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Tuesday, June 25, 2013

Nummy Nasturtiums

The tiny nasturtium plant I put in my planter a few weeks ago is exploding with flowers. I thought it would be fun (and pretty) to grow some edible flowers this summer. 

First I popped a nasturtium right off the plant and popped it in my mouth just to make sure they weren't totally disgusting. Turns out, they're not at all disgusting. They have a little bit of spice to them, but no bitterness or anything unpleasant going on. I figured the taste was subtle enough to try out in just about anything so... 

Yesterday was very hot and a perfect day for ice cream (any day is a good day for ice cream in my book). Edible nasturtiums made our vanilla a little more exciting and made me think about someplace more exotic than backyard Wisconsin.
Petals frozen in ice cube trays made ice water interesting. 
Nasturtium sandwiches (or sammies as we call them around here) were fun. They work best when you split a baguette down the middle and load it up. Then you can stick the flower in there for a little lunchtime pizzazz. 
Have you ever seen insects petrified in amber? This nasturtium Jello kind of reminded me of that. But prettier of course. 

I really wish Jello would make a clear colored gelatin. You can make clear gelatin, but honestly, it seemed a little too complicated for me. Someday. For this I just used one of the lighter colors of Jello (lemon) so the nasturtiums would show up better. I put the flowers face down in cupcake tins. One flower per cup. Then I made the Jello in a bowl following the package instructions. Very slowly, I poured the mixture over the flowers. One packed filled six cups. After four hours in the fridge, I took a warm knife (ran under hot water) and ran around the top edges. Then I put a cold plate over the cupcake tins and flipped upside down and tapped on the bottom of the cups to pop them out.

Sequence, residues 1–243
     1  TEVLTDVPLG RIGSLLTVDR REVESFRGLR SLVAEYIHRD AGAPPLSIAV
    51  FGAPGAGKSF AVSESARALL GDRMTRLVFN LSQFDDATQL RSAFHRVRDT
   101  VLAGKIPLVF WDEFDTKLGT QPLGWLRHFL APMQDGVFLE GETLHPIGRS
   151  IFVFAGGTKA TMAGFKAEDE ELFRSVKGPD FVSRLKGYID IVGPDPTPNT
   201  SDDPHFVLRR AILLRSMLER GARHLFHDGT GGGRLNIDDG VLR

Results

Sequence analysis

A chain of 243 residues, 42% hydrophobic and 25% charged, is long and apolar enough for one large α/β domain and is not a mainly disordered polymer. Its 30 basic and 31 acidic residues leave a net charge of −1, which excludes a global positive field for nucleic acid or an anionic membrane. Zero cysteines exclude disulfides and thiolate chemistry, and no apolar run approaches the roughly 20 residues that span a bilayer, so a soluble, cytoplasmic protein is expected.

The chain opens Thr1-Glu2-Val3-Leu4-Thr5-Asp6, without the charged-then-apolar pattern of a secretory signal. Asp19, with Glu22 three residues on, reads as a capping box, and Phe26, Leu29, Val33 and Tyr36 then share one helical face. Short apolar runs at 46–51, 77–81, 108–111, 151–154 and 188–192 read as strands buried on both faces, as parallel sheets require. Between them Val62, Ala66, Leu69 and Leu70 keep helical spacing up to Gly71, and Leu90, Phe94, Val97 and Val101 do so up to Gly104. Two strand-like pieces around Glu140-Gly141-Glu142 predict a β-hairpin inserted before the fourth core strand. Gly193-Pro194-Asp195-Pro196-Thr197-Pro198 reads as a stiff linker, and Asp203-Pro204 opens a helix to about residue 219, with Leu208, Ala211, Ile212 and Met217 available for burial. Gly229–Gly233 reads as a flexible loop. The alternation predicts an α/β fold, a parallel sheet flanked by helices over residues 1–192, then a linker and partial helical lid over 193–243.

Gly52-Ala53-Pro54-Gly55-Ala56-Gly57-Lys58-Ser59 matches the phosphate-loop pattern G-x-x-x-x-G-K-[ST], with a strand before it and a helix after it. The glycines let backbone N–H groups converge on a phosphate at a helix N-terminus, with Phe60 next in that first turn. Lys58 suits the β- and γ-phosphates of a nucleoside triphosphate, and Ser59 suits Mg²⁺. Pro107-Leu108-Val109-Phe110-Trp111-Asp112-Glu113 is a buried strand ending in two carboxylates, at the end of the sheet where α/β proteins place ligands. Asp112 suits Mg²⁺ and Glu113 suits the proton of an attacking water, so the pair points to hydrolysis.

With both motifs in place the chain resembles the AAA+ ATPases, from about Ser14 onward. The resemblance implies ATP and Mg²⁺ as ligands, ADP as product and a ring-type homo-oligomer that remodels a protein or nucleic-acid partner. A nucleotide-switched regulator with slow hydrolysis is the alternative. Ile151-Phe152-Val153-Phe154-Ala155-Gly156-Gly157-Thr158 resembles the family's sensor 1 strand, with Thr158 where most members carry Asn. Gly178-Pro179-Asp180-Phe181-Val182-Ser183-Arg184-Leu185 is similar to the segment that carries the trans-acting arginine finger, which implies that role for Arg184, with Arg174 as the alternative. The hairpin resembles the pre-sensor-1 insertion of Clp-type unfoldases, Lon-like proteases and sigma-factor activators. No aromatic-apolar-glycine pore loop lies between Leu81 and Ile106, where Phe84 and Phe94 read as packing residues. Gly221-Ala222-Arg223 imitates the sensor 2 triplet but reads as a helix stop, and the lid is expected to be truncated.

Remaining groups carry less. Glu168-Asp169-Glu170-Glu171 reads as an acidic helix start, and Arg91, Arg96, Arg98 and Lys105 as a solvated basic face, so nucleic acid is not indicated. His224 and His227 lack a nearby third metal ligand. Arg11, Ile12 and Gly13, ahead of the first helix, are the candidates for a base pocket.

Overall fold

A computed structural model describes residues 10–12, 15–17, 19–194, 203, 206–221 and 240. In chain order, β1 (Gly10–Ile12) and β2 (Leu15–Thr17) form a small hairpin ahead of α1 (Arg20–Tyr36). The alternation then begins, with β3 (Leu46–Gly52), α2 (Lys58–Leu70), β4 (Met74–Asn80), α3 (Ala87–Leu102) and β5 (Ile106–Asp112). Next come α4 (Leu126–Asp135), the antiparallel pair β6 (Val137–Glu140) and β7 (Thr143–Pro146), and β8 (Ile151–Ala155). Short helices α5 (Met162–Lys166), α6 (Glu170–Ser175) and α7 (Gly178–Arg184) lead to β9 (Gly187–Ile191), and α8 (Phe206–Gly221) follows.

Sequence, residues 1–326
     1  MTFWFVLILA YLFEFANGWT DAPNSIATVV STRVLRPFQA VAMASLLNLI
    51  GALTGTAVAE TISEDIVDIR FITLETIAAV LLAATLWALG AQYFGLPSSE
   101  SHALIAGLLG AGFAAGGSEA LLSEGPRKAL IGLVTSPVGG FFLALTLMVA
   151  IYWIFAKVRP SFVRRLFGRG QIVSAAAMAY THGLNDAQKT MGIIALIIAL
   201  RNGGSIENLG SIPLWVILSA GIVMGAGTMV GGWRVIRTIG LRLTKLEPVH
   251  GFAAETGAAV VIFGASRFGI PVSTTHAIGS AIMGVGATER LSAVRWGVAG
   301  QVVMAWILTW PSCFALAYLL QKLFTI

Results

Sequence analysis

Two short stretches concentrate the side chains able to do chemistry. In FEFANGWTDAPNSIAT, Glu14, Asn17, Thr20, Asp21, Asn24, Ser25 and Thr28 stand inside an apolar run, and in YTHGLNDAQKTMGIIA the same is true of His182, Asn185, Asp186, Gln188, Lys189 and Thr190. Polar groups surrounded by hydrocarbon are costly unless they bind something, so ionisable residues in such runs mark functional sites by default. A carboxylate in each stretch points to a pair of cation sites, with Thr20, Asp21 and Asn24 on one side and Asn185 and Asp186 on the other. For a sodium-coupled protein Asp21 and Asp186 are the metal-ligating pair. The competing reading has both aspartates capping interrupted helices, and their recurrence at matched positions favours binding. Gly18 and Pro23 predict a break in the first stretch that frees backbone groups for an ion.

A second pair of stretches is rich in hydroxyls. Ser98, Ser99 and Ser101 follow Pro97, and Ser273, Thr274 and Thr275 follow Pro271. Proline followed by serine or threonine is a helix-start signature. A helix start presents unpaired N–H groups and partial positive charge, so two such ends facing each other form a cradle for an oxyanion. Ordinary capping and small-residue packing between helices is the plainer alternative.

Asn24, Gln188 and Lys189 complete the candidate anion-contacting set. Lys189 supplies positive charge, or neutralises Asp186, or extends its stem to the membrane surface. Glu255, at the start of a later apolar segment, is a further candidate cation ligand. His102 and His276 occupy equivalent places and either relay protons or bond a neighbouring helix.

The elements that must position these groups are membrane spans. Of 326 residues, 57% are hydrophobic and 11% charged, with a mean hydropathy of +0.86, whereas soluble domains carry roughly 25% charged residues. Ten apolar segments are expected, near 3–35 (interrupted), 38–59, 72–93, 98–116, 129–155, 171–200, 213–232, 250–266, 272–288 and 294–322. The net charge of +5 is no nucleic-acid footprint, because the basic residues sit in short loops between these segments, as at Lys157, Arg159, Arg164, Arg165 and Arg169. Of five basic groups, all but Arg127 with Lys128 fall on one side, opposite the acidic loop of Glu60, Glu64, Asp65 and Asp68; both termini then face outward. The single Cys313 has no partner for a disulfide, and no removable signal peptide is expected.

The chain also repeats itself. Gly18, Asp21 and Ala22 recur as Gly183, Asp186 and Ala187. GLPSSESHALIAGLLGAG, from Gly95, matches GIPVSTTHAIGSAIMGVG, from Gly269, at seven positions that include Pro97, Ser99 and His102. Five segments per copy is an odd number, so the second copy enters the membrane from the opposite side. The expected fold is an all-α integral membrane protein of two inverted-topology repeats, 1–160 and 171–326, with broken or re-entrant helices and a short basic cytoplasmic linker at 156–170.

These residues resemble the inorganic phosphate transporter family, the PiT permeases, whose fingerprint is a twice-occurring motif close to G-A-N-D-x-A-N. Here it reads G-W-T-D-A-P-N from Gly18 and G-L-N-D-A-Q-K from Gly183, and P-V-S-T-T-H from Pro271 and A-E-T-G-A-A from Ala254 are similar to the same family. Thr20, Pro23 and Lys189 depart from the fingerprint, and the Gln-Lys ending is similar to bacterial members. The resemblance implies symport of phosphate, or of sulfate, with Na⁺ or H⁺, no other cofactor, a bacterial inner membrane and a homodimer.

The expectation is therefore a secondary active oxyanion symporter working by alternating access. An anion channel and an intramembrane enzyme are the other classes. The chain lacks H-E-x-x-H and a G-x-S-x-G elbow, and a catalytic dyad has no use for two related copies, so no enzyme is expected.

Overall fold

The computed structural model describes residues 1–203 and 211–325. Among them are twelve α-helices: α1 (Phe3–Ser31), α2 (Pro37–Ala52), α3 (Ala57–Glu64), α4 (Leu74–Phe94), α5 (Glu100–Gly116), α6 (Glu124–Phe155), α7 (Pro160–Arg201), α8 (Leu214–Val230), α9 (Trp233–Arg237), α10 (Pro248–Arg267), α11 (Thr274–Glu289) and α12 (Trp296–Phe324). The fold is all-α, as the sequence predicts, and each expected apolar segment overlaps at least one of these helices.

I love steamed caulifower, but it's not the most exciting thing to look at. Add some nasturtiums and BAM! You're dining at a tropical tiki hut. 
This is the plant that made it all possible. The only negative thing I can say about nasturtiums is that they're kind of bossy. Along with the cilantro, they've plotted to squeeze out the other herbs in my pretty big planter (about 2'x2'). But that's a much better problem to have than a plant that doesn't take off. 

I've gotten so excited about eating nasturtiums, that I have about 5 or so more ideas. I just have to wait another day before I can cut another dozen + flowers off this thing. It's amazing how quickly the flowers grow. 

And I do want to try these ideas out instead of just blogging a list, because one thing I tried and turned out to be a total fail was chocolate covered nasturtiums. Ha! The flowers wilted instantly as soon as they hit the warm chocolate and instead of looking like beautiful chocolate flower sculptures, they looked like something else that I better not mention in a post about food. 


 
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